Tablets, smartphones and laptops accounted for just 1.5 per cent of TV viewing in the first half of 2013, up from an estimated 1.2 per cent in 2012, according to figures from commercial TV marketing body Thinkbox.
The figures, which combine research from the Broadcasters' Audience Research Board (Barb) with data provided by UK broadcasters, show that the average viewer watched four hours and one minute of television a day.
Of this, three hours 58 minutes was watched on a TV set, with the remaining three minutes 30 seconds viewed via devices such as tablets, smartphones and laptops.
The figure for viewing on a TV set is down by three minutes, or 1.2 per cent, from four hours and one minute for the same period in 2012.
Barb does not measure viewing on non-TV set devices, but figures provided by UK broadcasters show the total non-TV set viewing via services such as 4oD and BBC iPlayer accounted for 1.5 per cent of overall TV viewing in the first half of 2013, a slight increase on the figure of 1.2 per cent for 2012.
However, as the availability of on-demand services to TV sets increases, Thinkbox expects on-demand viewing will move to television sets from other devices.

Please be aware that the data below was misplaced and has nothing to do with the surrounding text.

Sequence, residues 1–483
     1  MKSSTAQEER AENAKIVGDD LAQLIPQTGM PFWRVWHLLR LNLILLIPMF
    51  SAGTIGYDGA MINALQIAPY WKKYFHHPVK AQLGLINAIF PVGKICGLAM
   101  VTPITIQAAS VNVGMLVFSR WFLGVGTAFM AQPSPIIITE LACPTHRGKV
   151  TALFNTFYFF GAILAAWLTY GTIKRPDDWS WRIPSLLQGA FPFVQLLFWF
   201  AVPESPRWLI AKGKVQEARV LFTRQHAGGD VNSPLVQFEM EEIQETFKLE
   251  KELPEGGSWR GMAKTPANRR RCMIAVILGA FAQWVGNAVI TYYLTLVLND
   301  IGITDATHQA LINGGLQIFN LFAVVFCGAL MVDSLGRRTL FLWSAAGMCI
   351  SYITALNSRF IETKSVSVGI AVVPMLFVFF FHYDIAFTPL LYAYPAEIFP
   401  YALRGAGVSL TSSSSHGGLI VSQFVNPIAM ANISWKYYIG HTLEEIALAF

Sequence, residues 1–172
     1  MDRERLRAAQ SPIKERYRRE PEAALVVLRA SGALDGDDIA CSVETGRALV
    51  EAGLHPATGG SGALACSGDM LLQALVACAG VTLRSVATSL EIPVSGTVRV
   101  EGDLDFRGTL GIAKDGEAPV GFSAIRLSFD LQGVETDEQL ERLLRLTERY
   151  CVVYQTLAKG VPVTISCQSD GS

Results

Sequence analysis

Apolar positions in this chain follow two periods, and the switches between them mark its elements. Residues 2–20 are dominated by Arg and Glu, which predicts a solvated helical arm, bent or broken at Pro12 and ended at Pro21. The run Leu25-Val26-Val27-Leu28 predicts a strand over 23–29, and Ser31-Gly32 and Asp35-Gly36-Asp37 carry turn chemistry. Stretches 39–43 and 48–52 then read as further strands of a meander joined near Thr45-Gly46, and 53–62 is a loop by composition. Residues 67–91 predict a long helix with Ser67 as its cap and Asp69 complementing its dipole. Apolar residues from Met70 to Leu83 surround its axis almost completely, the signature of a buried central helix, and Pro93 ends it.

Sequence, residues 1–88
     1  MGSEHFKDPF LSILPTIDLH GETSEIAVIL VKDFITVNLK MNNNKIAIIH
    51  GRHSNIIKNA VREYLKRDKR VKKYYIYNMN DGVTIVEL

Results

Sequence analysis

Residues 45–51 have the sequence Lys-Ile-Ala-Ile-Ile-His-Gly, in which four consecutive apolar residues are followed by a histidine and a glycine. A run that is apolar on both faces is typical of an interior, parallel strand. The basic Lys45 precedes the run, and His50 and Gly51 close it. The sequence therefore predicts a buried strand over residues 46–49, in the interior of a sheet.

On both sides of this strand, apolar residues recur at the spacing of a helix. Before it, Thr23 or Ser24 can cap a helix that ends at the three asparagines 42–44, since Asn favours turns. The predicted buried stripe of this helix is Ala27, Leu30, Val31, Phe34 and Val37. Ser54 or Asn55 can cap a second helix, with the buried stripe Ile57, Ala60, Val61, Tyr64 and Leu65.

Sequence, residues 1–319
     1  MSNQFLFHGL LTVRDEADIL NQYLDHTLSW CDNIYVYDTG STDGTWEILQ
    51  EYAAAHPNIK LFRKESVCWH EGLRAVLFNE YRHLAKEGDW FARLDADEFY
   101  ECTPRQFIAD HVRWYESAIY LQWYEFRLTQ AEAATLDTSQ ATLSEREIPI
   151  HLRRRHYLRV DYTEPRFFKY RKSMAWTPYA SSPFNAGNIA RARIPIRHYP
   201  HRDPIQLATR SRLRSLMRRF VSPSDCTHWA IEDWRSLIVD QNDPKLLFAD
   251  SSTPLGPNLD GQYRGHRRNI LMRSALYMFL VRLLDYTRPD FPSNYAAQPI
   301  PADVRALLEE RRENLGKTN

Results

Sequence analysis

Figures provided by Barb also showed that, in the estimated 58 per cent of households that own digital TV recorders, 83.8 per cent of linear TV was watched live. This represents a slight decrease (0.7 per cent) from the 84.4 per cent in January to June 2012.
The moderate decline suggests that the growth in the amount of TV recorded and played back is slowing down, a finding echoed in Ofcom's recent Communications Market Report 2013.
The average viewer watched 48 ads a day in the first half of 2012, five more than five years ago, and up one from 47 a day last year.
Lindsey Clay, the managing director of Thinkbox, said: "We know that people watch live TV and on-demand TV for different reasons. They co-exist and together are helping TV to grow as a medium.
"People's ongoing enthusiasm for TV, and their growing enthusiasm for embracing new ways to watch it, is great news for advertisers, who don't always get the recognition they deserve for contributing to TV's health and expansion."
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